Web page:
Dr. Mehrdad MahdyiarBy: Dr. Mehrdad Mahdyiar
Senior Director, Earthquake Research

Robert ZaliskBy: Robert Zalisk
Senior Science Writer

Edited by Nan Ma

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Figure 2. a) HERP 2007 seismic source zones for northern Honshu; b) AIR 2013 seismic source zones for the same area. (Source: AIR)

AIR researchers used HERP's latest findings, other published research, and their own studies to reconfigure the seismic source zones to reflect an emerging new understanding of seismicity along the Japan Trench (as also for along the Nankai Trough, as outlined below). Figure 2b illustrates AIR's new configuration of seismic sources for Japan that have been incorporated into the model update.

The changes are immediately apparent, not simply with respect to the boundaries, dimensions, and the number of the zones, but also for the greater complexity they display, representing zones where large interplate earthquakes, tsunamigenic earthquakes, and intraplate normal faulting are characteristic.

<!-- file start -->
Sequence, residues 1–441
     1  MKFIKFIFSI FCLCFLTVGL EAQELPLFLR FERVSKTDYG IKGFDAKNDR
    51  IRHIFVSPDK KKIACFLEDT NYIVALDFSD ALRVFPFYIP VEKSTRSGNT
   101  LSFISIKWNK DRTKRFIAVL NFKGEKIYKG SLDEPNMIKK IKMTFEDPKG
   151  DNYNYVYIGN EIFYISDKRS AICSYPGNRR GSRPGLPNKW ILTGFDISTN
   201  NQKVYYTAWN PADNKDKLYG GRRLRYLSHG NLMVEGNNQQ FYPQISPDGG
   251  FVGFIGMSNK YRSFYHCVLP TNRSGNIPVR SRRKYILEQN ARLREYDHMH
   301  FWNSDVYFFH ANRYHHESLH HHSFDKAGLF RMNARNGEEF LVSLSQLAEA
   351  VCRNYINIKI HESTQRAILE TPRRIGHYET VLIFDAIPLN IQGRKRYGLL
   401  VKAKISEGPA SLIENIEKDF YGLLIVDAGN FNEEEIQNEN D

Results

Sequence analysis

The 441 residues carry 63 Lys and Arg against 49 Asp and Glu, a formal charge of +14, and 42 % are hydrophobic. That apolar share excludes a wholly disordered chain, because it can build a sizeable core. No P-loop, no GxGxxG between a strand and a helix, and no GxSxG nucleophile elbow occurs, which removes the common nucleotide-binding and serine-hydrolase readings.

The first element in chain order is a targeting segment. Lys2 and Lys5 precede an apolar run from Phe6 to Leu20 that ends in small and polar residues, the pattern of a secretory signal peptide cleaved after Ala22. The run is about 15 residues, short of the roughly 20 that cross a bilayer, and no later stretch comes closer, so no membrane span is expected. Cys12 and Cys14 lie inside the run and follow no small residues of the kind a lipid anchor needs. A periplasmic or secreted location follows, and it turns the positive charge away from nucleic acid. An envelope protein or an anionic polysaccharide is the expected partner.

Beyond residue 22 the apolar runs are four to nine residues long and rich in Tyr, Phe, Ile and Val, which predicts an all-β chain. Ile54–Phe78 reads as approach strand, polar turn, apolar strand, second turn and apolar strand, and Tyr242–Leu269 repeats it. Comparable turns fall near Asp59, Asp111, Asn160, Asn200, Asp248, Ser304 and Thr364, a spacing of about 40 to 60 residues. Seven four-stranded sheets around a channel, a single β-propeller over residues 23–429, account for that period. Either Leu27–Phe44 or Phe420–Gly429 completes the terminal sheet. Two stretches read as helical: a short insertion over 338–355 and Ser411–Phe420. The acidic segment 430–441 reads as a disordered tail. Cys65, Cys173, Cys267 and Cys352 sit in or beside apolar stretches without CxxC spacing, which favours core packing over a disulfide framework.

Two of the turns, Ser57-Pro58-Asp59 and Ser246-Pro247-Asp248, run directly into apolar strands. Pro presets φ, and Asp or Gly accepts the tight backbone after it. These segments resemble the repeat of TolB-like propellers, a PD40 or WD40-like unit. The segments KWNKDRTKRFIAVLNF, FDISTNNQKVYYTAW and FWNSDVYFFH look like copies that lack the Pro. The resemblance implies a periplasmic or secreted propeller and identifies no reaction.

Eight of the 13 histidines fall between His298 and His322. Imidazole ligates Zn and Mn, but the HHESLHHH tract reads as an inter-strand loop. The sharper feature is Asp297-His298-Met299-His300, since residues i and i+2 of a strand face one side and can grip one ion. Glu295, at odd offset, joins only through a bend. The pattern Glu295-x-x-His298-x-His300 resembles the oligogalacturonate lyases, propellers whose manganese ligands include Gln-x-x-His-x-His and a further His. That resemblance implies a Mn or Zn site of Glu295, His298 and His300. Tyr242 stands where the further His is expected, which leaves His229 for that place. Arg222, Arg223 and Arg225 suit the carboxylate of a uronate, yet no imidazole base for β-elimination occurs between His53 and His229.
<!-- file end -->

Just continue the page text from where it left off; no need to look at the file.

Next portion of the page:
The Nankai Trough and Tsunamigenesis

The greatest changes in seismicity caused by the Tohoku earthquake were in the northern part of Honshu and between Honshu off the Tohoku region and the Japan Trench. The prevailing understanding is that because Tohoku released so much accumulated energy, another "megathrust" earthquake is not likely to happen along that part of the Japan Trench any time soon. Given the current state of stress in the Japan region, such an event, which also would have the potential for causing a very destructive tsunami, is more likely to happen along the Nankai Trough to the south.